This is the first in a series of occasional posts devoted to brief stories about what Maggie and I cooked at home during the preceding week, including tidbits of associated events and activities.
Waistline alert: you’ll find a lot of protein and other rich ingredients featured in our weekly diet. It’s partly because I rarely bother to devote words to the simple sides of vegetables, grains or salads that we consume, unless they are features in their own right. Besides, we do eat modest portions of the dishes we cook. And the cheque is in the mail …
My week began with eight hours of solo-grandparenting. My daughter-in-law, Sara doesn’t usually work on a Monday, but she needed to spend the day at a workshop with her winery’s distributor, so we arranged for her to bring Iris to our home on her way into the city from Healesville. As Maggie works from Monday to Wednesday, that left me solely responsible for the care of my 16-months old granddaughter. (For a mad moment, I had thought of adding the 7-months old grand-dog to the mix, but I came to my senses after not-sleeping-very-well on it!)
Iris is a happy child, so my task was not too daunting. She is also a busy and highly interactive child. We spent the morning exploring our home and back garden, playing with a variety of toys and household effects, a stroller-based journey around the neighbourhood, a little bit of reading, and a short walk out in our quiet street.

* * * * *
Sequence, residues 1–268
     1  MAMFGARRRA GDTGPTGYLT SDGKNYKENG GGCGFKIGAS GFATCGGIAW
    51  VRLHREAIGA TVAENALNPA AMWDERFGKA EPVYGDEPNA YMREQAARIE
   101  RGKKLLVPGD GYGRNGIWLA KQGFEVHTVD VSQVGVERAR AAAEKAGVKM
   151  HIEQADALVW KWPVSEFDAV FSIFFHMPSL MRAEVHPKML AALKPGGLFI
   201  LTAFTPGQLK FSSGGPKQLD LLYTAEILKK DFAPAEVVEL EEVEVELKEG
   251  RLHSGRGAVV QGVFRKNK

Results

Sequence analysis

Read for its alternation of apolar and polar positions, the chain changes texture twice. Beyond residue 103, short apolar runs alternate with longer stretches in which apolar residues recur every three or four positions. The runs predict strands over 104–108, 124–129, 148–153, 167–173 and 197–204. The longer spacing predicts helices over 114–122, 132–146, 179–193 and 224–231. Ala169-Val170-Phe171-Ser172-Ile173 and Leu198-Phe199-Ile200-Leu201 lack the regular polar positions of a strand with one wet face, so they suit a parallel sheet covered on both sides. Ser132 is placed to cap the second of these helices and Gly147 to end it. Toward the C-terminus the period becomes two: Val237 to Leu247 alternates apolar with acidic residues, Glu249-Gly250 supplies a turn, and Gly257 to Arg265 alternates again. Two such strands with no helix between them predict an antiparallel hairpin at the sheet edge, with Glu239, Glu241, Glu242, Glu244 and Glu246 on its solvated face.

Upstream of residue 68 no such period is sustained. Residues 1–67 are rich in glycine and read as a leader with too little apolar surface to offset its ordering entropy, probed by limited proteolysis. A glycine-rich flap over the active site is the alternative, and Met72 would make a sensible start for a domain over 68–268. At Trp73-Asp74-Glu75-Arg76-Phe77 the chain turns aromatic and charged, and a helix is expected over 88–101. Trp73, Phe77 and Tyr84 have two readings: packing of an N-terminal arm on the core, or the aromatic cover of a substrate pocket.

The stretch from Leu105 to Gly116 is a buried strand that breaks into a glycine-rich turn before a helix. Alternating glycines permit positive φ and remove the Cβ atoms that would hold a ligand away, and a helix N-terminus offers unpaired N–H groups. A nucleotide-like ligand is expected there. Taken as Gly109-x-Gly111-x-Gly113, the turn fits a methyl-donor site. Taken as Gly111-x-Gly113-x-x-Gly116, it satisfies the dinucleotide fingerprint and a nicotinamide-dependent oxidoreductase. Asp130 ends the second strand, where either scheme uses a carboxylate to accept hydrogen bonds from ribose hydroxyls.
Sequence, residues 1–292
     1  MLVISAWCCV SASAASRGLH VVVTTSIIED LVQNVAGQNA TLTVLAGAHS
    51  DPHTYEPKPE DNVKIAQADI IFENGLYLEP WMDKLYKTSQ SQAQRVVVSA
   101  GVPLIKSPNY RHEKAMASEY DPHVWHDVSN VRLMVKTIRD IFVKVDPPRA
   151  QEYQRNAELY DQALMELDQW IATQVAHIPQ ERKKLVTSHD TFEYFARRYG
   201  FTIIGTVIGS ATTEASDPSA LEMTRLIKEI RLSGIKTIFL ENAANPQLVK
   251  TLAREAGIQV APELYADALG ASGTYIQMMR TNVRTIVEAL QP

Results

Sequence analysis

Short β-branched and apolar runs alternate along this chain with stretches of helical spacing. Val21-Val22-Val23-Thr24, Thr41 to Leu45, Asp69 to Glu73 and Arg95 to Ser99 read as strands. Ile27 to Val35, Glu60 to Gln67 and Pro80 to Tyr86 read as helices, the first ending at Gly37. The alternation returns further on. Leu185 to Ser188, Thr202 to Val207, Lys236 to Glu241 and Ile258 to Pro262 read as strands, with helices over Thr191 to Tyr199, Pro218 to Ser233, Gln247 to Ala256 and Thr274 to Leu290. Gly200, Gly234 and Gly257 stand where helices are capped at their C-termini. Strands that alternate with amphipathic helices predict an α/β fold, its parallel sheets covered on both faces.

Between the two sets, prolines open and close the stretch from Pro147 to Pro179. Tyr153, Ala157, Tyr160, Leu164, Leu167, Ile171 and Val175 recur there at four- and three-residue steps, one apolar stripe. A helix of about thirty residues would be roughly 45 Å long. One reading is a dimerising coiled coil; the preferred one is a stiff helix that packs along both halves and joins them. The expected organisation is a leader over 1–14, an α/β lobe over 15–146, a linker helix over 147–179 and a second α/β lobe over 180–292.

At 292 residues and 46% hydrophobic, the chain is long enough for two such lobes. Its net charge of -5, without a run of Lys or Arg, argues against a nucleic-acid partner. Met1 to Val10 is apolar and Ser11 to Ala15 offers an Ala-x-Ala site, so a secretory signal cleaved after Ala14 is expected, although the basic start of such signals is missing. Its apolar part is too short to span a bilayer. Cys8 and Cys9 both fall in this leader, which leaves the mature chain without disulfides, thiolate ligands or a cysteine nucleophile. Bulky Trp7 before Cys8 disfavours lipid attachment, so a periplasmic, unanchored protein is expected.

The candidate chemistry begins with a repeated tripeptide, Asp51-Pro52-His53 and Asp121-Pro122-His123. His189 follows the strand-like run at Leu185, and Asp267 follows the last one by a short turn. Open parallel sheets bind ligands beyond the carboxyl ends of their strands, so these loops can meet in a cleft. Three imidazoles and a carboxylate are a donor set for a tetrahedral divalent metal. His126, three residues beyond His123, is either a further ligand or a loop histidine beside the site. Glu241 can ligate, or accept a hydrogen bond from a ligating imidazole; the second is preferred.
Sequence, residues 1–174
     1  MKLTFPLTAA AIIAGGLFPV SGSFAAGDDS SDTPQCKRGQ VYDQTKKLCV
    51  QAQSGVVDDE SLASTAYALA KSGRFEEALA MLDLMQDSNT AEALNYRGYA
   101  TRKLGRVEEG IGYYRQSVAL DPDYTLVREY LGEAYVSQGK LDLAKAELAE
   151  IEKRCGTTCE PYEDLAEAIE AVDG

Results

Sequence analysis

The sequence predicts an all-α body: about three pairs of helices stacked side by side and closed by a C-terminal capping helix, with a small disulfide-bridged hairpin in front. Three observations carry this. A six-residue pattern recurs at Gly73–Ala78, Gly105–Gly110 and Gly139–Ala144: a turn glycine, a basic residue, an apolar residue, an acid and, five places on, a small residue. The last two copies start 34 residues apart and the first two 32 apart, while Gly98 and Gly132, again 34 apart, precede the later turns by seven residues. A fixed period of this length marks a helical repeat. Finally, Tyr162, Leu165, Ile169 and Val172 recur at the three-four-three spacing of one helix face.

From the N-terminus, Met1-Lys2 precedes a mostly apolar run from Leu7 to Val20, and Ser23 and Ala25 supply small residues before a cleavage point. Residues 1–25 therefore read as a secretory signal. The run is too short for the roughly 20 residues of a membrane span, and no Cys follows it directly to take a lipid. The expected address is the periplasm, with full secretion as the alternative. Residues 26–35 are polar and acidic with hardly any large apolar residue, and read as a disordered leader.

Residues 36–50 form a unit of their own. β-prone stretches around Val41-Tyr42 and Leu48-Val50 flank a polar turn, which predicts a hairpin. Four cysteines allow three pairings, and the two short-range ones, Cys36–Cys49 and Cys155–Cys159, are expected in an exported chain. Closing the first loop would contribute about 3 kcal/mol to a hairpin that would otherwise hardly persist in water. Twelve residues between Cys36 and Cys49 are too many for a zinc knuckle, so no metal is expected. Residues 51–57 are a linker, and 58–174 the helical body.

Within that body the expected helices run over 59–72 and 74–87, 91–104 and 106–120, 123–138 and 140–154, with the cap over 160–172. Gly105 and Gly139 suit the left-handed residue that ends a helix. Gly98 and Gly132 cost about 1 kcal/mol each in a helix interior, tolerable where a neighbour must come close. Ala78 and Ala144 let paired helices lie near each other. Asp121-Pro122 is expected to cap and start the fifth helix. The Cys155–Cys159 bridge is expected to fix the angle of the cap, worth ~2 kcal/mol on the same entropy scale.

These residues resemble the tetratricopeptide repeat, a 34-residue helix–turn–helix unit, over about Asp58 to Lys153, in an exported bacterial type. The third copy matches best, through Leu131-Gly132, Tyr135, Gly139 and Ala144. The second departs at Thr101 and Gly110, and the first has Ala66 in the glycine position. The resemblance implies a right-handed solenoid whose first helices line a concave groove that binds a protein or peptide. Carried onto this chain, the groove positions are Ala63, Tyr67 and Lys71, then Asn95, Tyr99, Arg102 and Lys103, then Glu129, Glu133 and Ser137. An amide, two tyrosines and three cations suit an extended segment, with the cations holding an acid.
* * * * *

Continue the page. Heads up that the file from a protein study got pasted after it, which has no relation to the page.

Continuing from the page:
Here is photo of Iris teaching her Pop how to delete software from his Macbook. (Maggie took this when she popped home from work to spend a short time with Iris.)
Iris is also a hungry and willing eater. For morning tea, she ate a toasted, de-crusted piece of sourdough, spread with avocado; half a ripe banana; and four strawberries. At lunchtime, we both had some vegetable-flavoured pasta spirals tossed with homemade bolognese sauce and some lovely fresh ricotta. Iris washed this down with a further five strawberries. Later she had a snack of cauliflower souffle, more of the banana and, for the road, some more of the ricotta. Make that a VERY willing eater.
Our afternoon went happily, beginning with a long nap for Iris after a few minutes of half-hearted protest. If I’d been smart, I would have gone horizontal too. Noted for next time, as I ‘hit the wall’ soon after Sara came by to take Iris home. Fortunately, our dinner of braised chicken topped with dumplings had been assembled on Sunday afternoon; all we had to do was put it in the oven until it was heated through and the dumplings were cooked. (We also gave Sara a dish of this to take home, heat up and share with Julian.)
Tuesday brought a mild, late-autumn day, so we were able to enjoy a meal of char-grilled scotch fillet and some simple salads. The beef was incredibly flavoursome – thank you Ashburton Meats.
I had another big task on my agenda for Wednesday – taking my father into the centre of Melbourne for he and I to lodge the formal paperwork required for us to be empowered to implement the will of my late mother. This loomed as a mental and logistical challenge, including the fact that, these days, Dad needs to be taken to appointments in a wheelchair. Happily, it all went smoothly but I was glad that the evening meal would comprise what was leftover from Monday. (As Julian commented, it was very tasty but ‘gluttonous’, so we had modest portions and made it stretch.)